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1.2 Installation and Notebooks

Scientific Astronomer is distributed on CD-ROM. The CD-ROM contains one folder called Astronomer.

To install the package you should use the installer program on the CD-ROM. Another way to install is to move the Astronomer folder inside Mathematica's AddOns/Applications/ directory. Optionally, you can move the Astronomer folder to the top level of your own home directory.

Files needed by the package.

Refer to the README file for additional instructions on how to install the package, and on how to customize it for your purposes. The most important task is to edit the HomeSite.m file with your own site details. In that file you will see site details commented out for many cities. If you live in one of these cities, simply uncomment the setting.

The CD-ROM also includes an on-line version of this user's guide. Once you have installed Scientific Astronomer, you will need to open the Help menu in the Mathematica front end and choose Rebuild Help Index. This will make the user's guide, and other information, available in the front end Help Browser.

On-line version of the user's guide.

Worked Examples

Many worked examples are given in the sample notebooks that come with Scientific Astronomer. These sample notebooks are contained in the Astronomer/Documentation/English/Notebooks/ directory. You can open the notebooks directly, or you can access them from within the Help Browser.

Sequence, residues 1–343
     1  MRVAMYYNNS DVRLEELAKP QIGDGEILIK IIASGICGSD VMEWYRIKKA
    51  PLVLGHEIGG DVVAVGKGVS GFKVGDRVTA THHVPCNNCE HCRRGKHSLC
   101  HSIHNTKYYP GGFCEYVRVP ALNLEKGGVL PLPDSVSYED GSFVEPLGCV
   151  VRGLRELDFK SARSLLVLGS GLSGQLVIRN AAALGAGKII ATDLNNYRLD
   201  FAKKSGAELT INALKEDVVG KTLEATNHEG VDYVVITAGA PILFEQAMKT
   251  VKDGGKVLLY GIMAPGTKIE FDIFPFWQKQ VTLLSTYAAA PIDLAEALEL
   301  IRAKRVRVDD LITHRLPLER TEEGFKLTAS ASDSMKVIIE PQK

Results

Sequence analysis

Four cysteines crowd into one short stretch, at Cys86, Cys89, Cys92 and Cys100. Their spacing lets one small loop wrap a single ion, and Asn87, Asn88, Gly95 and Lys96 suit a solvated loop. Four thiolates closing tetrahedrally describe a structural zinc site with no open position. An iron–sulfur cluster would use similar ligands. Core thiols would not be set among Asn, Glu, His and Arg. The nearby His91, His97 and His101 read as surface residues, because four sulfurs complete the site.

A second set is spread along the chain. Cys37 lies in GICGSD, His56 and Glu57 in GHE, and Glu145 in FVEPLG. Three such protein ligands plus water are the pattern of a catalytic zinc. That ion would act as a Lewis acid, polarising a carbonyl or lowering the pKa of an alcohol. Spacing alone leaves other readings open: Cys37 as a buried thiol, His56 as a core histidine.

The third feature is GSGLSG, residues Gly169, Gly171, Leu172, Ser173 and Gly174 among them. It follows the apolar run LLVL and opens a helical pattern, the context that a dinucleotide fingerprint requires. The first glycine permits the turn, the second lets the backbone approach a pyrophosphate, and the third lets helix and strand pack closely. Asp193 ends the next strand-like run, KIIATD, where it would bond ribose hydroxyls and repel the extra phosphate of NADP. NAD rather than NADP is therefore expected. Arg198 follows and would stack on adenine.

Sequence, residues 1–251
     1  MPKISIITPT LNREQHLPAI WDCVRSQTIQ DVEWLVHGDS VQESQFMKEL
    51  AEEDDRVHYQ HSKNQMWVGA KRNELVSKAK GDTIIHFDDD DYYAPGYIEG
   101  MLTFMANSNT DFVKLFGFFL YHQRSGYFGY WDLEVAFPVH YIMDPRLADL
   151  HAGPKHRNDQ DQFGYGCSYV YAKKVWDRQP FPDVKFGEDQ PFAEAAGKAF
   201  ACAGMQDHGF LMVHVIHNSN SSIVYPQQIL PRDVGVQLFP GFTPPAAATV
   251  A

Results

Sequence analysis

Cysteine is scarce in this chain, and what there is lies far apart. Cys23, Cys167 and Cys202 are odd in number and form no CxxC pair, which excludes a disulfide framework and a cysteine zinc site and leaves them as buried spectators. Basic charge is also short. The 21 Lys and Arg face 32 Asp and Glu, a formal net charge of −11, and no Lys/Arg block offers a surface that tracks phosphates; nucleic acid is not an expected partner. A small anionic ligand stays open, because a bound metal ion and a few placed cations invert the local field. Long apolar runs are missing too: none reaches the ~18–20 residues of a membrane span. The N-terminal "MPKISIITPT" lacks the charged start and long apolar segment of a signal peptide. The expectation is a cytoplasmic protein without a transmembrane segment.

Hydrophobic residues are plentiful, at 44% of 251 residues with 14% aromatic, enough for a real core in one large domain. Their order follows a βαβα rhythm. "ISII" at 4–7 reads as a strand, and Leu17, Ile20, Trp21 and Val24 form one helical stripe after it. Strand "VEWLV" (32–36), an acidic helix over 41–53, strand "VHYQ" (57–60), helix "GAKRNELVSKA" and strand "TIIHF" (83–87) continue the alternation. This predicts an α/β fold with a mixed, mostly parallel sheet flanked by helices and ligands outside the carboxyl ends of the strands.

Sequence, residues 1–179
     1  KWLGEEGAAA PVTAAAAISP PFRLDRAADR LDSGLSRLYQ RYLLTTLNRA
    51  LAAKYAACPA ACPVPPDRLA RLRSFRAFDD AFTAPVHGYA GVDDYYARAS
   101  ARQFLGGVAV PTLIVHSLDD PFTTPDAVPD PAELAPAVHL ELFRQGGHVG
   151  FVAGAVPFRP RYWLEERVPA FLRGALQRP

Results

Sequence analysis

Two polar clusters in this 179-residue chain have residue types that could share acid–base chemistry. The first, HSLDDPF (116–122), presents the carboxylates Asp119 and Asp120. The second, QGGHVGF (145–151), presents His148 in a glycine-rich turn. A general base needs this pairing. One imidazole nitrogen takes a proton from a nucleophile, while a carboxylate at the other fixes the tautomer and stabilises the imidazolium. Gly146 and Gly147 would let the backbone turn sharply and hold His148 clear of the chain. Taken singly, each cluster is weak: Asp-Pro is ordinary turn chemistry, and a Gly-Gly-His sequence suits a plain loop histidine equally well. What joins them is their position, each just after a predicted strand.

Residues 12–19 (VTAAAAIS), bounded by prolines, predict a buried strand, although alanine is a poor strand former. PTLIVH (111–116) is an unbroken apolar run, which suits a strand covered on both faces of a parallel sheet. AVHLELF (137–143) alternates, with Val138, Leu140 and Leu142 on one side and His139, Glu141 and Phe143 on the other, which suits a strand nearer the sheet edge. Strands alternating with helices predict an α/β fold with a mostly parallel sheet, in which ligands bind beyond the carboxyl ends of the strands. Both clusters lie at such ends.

Sample notebooks included with Scientific Astronomer.

The sample notebooks cover topics such as satellite tracking, annual meteor showers, eclipses, variable stars, comets, asteroids, and deep sky objects.

Each notebook deals with a particular aspect of astronomy and uses Scientific Astronomer to produce useful information. For instance, the deep sky notebook contains an atlas of galaxies, nebulae, and star clusters and it uses Scientific Astronomer to create finder charts for various interesting objects, sorted by location and date of visibility. The comets notebook shows how to make finder charts for comets such as Halley or Hale-Bopp. Similarly, the satellite tracking notebook shows how to track the Mir Space Station or a Space Shuttle mission. This notebook also includes an analysis of the 24 Global Positioning System (GPS) satellites. The variable stars notebook has Mathematica expressions for predicting the time of maximum brightness of eclipsing binaries and pulsating stars.

Studying the sample notebooks should give you a feel for the types of applications and calculations that Scientific Astronomer can handle.

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